It is an affordable home that produces up to four times the amount of energy it consumes, thanks to solar panels on the roof. Surplus energy is then sold by each household to finance the house, with the mortgage fully payable within 11 years.
A community of 115 PowerHYDE homes can generate the same amount of energy as a 1 megawatt solar power plant.
Kumar says he sees homeless people as customers, and not helpless beneficiaries. "We want to empower them so we work with them to come up with financial plans,'' he says. After testing prototypes in Phnom Penh in Cambodia, the company is now looking for land and funding to build more homes in India, Sri Lanka and the Philippines.
It has been hard work. But Kumar is motivated by the example he sets for his two sons, aged three and six, and his conviction that homelessness can ultimately be eradicated.
"I want people to rethink their belief systems," he says. "We need to approach homelessness as we would any other enterprise."
Changing the drone industry with hydrogen power
When he was a chemical engineering student, Adec Thng could not imagine hydrogen as a fuel of the future. "I just saw it as a commercial gas for industrial processes,'' the 34-year-old says.
His mentor Dr Zhang Huajun challenged that. There has been a lot of talk about how hydrogen fuel cell vehicles can help reduce carbon emissions. But Dr Zhang helped Thng see hydrogen as the ideal source of renewable and clean energy - not just for cars, but also in the fast-developing drone industry.
Drones require long-lasting power that conventional lithium polymer batteries cannot offer.
In 2016, the pair started EnergyNova. They developed a solid hydrogen powder which can be stored in a battery for up to 10 years. The battery does not generate any carbon emissions, and the hydrogen powder remains chemically-inactive until it is ready to be used.
Their journey has seen challenges, however, including finding a place to conduct their work. "We had the experience, but no facilities," recalls Thng.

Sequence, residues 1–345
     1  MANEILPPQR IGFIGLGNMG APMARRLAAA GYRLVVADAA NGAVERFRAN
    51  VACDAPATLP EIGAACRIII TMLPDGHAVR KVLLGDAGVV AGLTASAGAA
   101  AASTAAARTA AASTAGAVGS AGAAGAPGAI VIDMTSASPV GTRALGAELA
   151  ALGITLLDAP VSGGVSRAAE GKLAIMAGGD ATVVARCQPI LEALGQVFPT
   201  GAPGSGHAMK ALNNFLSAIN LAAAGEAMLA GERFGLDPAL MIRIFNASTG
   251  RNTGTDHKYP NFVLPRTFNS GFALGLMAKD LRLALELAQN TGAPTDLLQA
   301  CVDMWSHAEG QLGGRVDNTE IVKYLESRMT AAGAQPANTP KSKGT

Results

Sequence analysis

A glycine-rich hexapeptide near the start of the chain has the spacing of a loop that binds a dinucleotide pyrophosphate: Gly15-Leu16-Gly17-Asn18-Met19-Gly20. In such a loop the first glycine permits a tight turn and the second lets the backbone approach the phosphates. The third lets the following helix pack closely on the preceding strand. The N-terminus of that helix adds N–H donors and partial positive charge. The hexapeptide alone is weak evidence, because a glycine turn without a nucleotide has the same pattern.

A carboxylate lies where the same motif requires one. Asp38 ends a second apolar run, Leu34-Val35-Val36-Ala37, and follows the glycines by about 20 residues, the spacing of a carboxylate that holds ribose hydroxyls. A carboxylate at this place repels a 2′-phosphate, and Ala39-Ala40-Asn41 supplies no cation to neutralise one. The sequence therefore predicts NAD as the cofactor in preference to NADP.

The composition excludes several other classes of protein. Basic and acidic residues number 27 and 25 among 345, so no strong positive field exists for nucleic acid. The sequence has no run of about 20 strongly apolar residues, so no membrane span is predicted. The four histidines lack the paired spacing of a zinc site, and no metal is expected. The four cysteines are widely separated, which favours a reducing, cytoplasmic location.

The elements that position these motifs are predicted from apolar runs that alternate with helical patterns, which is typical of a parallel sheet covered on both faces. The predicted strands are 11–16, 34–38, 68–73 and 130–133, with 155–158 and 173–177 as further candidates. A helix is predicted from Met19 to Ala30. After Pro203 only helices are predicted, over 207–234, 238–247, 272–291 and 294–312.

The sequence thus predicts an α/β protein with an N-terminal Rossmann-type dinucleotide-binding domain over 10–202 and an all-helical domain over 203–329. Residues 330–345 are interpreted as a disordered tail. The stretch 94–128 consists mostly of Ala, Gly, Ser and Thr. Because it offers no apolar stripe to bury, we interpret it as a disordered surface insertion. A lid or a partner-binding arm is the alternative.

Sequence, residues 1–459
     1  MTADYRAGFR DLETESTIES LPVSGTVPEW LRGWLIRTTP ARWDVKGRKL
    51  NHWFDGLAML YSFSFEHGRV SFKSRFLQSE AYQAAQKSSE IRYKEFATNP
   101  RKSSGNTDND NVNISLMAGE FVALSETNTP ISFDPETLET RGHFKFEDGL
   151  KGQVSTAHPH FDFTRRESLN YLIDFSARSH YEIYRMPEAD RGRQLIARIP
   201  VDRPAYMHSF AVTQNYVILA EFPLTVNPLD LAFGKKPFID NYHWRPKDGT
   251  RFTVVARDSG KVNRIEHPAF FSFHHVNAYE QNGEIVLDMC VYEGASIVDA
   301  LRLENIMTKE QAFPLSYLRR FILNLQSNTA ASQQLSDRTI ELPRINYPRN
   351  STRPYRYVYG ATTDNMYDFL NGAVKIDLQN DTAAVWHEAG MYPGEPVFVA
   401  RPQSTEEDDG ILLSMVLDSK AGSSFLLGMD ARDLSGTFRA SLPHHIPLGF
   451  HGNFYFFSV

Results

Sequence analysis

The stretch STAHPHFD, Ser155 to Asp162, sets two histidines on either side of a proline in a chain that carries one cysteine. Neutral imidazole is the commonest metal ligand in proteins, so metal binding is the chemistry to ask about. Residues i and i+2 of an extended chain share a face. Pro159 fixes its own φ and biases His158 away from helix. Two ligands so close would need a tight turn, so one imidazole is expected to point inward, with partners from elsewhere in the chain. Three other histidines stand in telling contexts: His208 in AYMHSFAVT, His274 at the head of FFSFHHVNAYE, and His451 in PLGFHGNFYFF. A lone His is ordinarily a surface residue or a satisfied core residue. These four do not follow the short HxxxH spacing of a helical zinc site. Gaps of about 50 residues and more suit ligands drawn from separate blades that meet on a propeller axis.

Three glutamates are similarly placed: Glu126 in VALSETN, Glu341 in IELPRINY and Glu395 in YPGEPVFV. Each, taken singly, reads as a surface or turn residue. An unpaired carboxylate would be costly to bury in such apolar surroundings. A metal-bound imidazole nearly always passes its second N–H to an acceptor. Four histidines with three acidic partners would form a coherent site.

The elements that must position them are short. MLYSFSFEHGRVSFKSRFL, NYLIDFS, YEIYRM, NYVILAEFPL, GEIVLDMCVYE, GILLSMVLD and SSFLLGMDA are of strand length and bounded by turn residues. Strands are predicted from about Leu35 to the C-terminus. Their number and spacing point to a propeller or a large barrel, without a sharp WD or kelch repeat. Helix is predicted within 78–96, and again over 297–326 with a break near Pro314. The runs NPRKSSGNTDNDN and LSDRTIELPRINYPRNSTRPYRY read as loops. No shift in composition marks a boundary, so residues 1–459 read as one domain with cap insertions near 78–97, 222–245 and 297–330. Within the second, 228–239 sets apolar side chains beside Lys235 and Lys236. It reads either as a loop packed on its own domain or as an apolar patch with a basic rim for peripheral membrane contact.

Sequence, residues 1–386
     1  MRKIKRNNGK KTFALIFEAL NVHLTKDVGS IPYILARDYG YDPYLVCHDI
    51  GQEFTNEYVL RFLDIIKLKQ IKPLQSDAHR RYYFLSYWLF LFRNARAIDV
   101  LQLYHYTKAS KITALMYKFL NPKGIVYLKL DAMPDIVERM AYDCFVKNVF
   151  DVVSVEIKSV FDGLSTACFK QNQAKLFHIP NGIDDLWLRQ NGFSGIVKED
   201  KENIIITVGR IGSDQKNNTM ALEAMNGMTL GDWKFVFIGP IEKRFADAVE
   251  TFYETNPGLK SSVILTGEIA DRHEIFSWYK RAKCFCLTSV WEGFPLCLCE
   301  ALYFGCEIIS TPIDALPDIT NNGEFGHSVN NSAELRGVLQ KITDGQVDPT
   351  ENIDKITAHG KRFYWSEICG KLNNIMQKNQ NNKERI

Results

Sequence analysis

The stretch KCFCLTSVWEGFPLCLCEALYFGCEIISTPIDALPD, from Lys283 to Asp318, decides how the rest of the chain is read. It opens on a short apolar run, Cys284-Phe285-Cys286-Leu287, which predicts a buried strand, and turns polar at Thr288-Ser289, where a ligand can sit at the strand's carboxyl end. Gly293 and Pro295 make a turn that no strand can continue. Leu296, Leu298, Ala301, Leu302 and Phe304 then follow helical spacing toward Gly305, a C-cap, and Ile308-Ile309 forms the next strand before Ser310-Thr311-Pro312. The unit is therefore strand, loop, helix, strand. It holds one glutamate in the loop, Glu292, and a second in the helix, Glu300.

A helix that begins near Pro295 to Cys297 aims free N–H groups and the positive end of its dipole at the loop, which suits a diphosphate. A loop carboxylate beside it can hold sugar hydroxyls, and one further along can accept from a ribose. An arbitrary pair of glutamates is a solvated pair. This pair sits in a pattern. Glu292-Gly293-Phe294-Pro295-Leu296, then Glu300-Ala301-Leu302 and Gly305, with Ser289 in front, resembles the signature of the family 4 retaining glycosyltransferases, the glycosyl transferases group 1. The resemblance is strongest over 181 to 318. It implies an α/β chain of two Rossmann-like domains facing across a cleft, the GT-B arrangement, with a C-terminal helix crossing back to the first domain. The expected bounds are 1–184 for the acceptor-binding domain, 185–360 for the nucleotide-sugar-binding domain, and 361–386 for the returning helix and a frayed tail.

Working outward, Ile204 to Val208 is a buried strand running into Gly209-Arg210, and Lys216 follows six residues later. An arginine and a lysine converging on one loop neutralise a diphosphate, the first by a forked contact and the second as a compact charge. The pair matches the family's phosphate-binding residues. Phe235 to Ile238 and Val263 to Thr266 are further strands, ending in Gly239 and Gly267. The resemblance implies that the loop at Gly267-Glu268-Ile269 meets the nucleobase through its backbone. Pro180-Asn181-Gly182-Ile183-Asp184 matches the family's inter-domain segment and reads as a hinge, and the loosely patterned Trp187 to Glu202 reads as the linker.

"It would have taken massive funds to build our own hydrogen laboratory so we had to look for one. But they were either too expensive to rent or they were not open to the public.''
In the end, they found a collaboration and research partner in the Clean Energy Research Centre at Temasek Polytechnic in Tampines, Singapore. It also gave them access to a laboratory.
EnergyNova believes its hydrogen battery can be transformative in an industry estimated to be worth $127 billion. This is because it can power a drone for more than two hours, compared to around 30 minutes a regular lithium polymer battery offers.
Thng has spoken to many drone companies and their customers, including a forestry ministry representative who needs long-flying drones to police illegal loggers at night.
"Long-distance drones can also save lives by delivering medicines to people living in rural areas of undeveloped countries.''
He feels he can do something good for the world. It is this belief that keeps him going, even though he admits he is running low on funds.
"At some point, if things don't work out, I might have to go back to full-time work'' he says. "But I am sure I will end up back in the entrepreneurial space, doing something that can benefit society. It's in my DNA."
By Soh Chin Ong